Journal of the History of Sexuality 11.4 (2002) 570-609
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Randy on the Rand:
Portuguese African Labor and the Discourse on "Unnatural Vice" in the Transvaal in the Early Twentieth Century
Ross G. Forman
Centre for Asian and African Literatures, School of Oriental and African Studies, and University College London
IN THE RIDGE OF THE WHITE WATERS, an account of his visit to the Transvaal published in 1912, William Charles Scully proclaimed:
I have now to refer to a most unpleasant subject: to refer to one of those evils incidental to the disproportion of the sexes which is so marked in the vicinity of the mines. It is an undoubted fact that the Natives from some of the East Coast recruiting areas, as well as from parts of the Tropics, are addicted to those unnatural vices which, according to Holy Writ, occasioned the destruction of the Cities of the Plain. I fear that Natives from Basutoland have, to a certain extent, been demoralised by the example of their northern room-mates. The Shangaan Natives are the worst offenders. I should not like to think that there was any danger of Natives from the Cape Colony being contaminated in this direction. In view, however, of the signs of demoralisation I observed, it is to be feared there is at least a possibility. 1
Scully was not the only Briton to see sex and sin at the core of the compound system developing to house the burgeoning male labor force working in South Africa's gold mines. Nor was he unique in believing the sin to have come across a border, from the Portuguese colony of what is now Mozambique, the homeland of the Shangaans and the source of manpower for Transvaal gold operations. [End Page 570]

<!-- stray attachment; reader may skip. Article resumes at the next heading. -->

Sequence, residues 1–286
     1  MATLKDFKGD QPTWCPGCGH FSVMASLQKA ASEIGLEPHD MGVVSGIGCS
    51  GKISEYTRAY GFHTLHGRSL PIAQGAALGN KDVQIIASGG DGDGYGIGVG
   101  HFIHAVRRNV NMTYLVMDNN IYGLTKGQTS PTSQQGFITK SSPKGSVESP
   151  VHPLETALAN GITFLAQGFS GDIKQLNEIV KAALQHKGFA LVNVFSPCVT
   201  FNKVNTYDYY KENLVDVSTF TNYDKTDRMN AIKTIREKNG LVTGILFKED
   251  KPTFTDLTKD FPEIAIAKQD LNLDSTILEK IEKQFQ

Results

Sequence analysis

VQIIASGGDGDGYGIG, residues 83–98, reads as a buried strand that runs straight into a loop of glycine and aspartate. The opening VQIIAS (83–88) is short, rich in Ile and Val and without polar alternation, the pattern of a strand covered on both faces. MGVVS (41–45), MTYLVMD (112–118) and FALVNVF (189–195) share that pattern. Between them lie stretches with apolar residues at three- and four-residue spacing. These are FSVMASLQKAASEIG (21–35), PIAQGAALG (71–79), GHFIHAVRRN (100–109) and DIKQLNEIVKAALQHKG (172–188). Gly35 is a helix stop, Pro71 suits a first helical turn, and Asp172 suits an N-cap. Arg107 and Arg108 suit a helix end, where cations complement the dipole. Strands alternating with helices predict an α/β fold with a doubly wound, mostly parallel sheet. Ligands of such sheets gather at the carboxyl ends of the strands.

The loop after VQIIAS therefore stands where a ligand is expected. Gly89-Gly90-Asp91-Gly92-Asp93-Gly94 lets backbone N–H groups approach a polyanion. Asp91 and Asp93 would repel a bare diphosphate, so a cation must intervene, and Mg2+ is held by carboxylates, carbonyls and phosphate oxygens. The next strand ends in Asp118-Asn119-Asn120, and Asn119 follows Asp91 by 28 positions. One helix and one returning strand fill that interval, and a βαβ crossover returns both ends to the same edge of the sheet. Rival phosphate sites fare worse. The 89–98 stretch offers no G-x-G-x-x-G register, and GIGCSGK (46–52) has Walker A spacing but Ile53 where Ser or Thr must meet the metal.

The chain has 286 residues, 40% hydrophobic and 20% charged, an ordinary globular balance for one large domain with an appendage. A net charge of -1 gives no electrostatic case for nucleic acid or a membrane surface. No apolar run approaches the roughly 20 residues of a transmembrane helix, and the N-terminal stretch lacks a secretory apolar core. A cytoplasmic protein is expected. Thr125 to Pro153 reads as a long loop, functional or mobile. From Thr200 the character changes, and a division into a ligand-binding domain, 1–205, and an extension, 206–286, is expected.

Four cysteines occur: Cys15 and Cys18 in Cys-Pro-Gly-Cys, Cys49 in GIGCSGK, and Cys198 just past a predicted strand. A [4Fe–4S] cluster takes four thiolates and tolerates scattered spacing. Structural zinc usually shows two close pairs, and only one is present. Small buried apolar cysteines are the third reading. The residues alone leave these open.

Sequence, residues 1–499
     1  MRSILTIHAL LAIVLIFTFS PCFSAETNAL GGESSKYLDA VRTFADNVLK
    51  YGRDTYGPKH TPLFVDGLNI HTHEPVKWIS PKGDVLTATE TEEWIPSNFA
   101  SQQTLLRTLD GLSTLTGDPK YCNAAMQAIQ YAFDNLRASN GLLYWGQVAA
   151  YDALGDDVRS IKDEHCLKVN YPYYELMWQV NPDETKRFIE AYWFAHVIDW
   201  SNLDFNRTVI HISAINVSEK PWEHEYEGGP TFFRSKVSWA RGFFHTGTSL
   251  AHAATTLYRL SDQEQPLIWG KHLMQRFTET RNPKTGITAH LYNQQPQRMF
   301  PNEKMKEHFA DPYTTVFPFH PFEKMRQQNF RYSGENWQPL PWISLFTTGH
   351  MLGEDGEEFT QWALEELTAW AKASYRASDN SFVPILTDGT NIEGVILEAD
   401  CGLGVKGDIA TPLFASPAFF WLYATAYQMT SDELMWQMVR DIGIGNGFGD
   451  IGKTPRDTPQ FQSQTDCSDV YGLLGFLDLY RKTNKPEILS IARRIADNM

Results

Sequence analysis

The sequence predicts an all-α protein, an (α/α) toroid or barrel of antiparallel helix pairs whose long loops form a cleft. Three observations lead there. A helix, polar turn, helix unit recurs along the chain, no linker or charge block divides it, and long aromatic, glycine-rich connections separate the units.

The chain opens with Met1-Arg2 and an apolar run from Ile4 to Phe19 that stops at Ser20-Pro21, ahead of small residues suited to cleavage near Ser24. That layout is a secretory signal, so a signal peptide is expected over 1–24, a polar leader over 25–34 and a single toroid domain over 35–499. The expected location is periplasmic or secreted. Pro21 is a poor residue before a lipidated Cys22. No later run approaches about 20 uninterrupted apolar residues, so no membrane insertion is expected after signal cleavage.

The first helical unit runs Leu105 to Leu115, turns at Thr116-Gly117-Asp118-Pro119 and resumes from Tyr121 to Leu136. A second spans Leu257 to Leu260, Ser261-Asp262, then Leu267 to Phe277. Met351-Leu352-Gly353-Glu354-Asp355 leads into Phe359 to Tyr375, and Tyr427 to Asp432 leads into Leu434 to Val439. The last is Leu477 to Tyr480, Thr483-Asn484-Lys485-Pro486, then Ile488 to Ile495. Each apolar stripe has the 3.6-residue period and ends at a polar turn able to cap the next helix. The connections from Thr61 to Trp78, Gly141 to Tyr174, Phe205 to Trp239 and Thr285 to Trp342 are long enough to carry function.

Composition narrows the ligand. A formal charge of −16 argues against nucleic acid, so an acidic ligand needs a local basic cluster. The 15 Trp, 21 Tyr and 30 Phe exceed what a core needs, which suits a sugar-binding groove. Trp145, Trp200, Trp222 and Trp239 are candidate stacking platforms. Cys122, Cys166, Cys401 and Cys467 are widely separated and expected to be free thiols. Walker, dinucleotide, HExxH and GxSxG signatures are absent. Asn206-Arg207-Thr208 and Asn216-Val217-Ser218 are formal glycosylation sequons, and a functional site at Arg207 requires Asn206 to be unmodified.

This essay traces the development of "European," or white, attitudes toward same-sex behavior among black Africans working the mines in the early twentieth century. 2 It connects these attitudes both to the internal concerns of South Africa in the aftermath of the Anglo-Boer War of 1899-1902 and to external concerns about the relationship between the British and non-British African colonies. It shows how political tensions were refracted through reference to non-European sexualities in order to enhance the fiction of South Africa as a morally constituted settler colony. It also situates turn-of-the-century ideas associating male-male sexual contact with contamination and contagion in several contexts: the expansion of Portuguese power in southern Mozambique; the British disapproval of Portuguese methods of colonization across the world; and the conception of the Portuguese within Europe as a marginalized "Other." Specifically, this essay analyzes the text of the January 1907 "Confidential Enquiry into Alleged Prevalence of Unnatural Vice amongst Natives in Mine Compounds on the Witwatersrand." 3 In the process, the essay contributes to recent critical attention to the development of homosexuality in the European imagination by suggesting how rural and colonial settings offered sites for thinking about same-sex behaviors among nonwhite and working-class populations rather than among members of Britain's urban middle classes.
The "Confidential Enquiry" was conducted between 18 and 30 January 1907 by John Glen Leary, resident magistrate at Zeerust, and H. M. Taberer of the Native Affairs Department, later special commissioner of the Transvaal Government in the native labor recruiting areas of British South Africa. Their inquiry was prompted by and followed on the heels of an explosive 1906 investigation of "immorality" among the indentured Chinese laborers brought to the Transvaal after the conclusion of the Anglo-Boer War, for the earlier investigators had heard repeated testimony that the "Mozambique Natives" could teach the Chinese more vice than the Chinese could teach them. The 1907 inquiry began in response to letters written in December 1906 to the high commissioner and the attorney general by the director of the South African Compounds and Interior Mission, Albert Weir Baker. Baker's letters expressed concern about the incidence of "unnatural...